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ENG 110 Research Guide


Patrick Rudd's picture
Patrick Rudd
Belk Library, Office 118
Elon University
Elon, NC 27244

Scholarly Journals Vs. Popular Magazines

Scholarly Journals Vs. Popular Magazines


Popular Magazines & Newspapers

Scholarly Journals


 General public

 Professionals within a field


 written by

 Almost anyone

 Professionals within a field

 Articles usually indicate author 

 affiliations (such as universities or

 research centers)


 Non-technical language

 In-depth research
 Technical language
 Research reports

 Charts, graphs, or equations
 References (endnotes and footnotes, 

 often very helpful in finding more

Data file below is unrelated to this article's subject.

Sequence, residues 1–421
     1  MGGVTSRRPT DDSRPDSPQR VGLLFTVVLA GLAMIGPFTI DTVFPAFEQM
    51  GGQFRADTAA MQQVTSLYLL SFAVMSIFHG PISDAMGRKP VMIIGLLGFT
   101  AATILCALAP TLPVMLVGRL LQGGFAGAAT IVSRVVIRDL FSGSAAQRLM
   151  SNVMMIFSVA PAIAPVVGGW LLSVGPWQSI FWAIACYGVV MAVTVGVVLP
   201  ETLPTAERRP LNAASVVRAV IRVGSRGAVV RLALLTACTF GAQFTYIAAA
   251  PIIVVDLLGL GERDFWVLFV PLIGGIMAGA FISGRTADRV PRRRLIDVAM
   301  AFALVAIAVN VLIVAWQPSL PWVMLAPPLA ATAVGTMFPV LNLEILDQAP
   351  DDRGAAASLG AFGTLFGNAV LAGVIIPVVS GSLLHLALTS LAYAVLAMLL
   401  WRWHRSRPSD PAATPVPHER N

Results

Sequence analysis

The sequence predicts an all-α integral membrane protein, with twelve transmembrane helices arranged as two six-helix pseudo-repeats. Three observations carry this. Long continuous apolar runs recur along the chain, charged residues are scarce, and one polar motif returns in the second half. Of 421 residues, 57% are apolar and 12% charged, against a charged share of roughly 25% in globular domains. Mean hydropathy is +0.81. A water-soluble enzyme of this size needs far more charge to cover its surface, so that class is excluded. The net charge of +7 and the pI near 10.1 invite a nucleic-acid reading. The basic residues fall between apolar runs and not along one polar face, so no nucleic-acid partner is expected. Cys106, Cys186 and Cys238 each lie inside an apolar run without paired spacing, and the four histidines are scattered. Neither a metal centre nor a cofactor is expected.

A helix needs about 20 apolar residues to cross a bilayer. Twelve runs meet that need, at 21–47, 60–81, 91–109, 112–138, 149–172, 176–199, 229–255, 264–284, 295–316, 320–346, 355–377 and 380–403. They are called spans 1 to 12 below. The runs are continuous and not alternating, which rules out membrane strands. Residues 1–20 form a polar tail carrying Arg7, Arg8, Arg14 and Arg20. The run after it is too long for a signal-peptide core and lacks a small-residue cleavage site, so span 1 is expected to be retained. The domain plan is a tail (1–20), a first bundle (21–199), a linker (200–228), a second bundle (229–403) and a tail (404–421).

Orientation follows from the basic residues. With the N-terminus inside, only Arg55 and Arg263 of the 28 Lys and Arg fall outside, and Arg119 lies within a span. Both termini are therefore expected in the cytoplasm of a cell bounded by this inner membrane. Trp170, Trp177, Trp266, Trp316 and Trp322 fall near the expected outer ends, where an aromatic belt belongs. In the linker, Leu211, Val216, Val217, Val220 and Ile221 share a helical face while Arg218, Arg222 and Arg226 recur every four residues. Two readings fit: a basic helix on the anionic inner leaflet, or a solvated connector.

information on a subject)

 Continuous pagination (first issue of

 the year starts at page 1, subsequent

 issues continue the page numbering 

 from the previous issue)


 Consumer advertising
 Glossy photos

 Dense text
 Few ads (specialized)





 Issues usually identified by 




 Issues usually identified by volume

 and/or issue number

 Can be useful


 Broad overview of complex  

 Popular perspective on any  

 Finding out what's being  

 written about a subject    


 Current research
 Checking accuracy of data or statistics

 Other factors

 Primary sources for popular

 culture or public opinion study;

 usually used as secondary 


 Peer Reviewed

 Abstracts or summaries often provided

 before each article.

 Primary sources for lab or field

 research; secondary sources for

 literary criticism.


 Examples include Time, U.S. 

 News & World Report,

 National Geographic, and the

 New York Times

 Examples include American Journal of 

 Sociology, Journal of the American

 Medical Association (JAMA) [the word 

 “journal” is often in the title]